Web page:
Sometimes it feels like there is a tiny timpani playing inside your molar. Its constant beat is almost calming and it radiates a sort of warmth. The dental assistant says Oops, we have to do one more X-ray, open wide, and the dentist says, Looks like we’ll have to do a root canal, which isn’t a very big deal, don’t worry. Sorry, denticle drummer, we’re going to have to let you go.
Commonly called a root canal, endodontic therapy is a type of treatment for the damaged insides of a tooth. Its name comes from the Greek, with the roots endo meaning “inside” and odont meaning “tooth.” The expedition inside the tooth is to remove infected pulp, which is in an area called the pulp chamber. Tooth pulp is vivacious. It is composed of living tissue, blood vessels, and cells with the name of a superhero: odontoblasts. The pulp’s primary function is to form dentin, which is the layer above the pulp chamber and helps protect the tooth. It is also nutritive (it keeps the surrounding mineralized tissue happy with nutrients and moisture) as well as sensory.
When the pulp becomes inflamed or infected it becomes sensitive (very—your tongue trains the coffee away from the tooth and you throw the rest of the Junior Mints in the trash) and it must be removed from its chamber. To do this, the well-paid endodontist creates an opening called an access cavity in the tooth’s crown and uses a root canal file to clean out nerve tissue, bacteria, toxins, and other debris. After the putrid pulp is removed from the chamber and root canals, a rubber compound called gutta-percha is inserted to seal the tooth.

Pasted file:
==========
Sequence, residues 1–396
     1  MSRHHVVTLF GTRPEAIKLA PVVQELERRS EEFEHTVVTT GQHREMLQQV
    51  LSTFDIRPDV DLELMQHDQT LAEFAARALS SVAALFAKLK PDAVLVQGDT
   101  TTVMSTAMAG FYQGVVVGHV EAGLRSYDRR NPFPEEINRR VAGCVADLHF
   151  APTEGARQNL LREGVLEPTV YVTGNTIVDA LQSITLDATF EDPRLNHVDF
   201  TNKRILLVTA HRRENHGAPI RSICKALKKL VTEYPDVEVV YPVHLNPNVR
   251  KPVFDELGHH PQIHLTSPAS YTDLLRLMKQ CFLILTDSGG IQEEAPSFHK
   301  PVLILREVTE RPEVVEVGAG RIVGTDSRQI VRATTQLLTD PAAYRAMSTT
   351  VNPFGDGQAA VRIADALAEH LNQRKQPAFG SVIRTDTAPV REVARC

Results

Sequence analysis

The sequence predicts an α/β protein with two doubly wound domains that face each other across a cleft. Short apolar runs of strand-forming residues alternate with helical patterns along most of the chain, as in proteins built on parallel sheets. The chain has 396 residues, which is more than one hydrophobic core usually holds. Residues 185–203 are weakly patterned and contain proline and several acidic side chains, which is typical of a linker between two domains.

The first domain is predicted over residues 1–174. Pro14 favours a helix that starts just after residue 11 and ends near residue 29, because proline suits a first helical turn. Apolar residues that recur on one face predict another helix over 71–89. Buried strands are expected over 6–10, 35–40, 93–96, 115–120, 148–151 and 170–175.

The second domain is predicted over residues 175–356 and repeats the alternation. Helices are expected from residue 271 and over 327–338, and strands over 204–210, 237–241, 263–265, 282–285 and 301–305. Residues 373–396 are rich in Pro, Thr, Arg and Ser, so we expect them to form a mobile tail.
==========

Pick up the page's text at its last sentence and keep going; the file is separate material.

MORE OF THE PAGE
Gutta-percha comes from a tree of the same name (Latin palaquium gutta). The natural latex produced from the sap of these trees has been used for sundry industrial and domestic purposes, most notably as insulation for underwater telegraph cables. It is a very flexible material, happy under the ocean or inside a tooth’s pulp chamber. Once the gutta-percha is placed to keep the tooth from being reinfected with bacteria, the access cavity is then filled with either a temporary or permanent crown (depending on how robust the patient’s insurance plan is) and the process is complete.
At the end, you’re out some dental pulp and about $1,000 but you’re the proud owner of a wad of gutta-percha and you can drink coffee without flinching.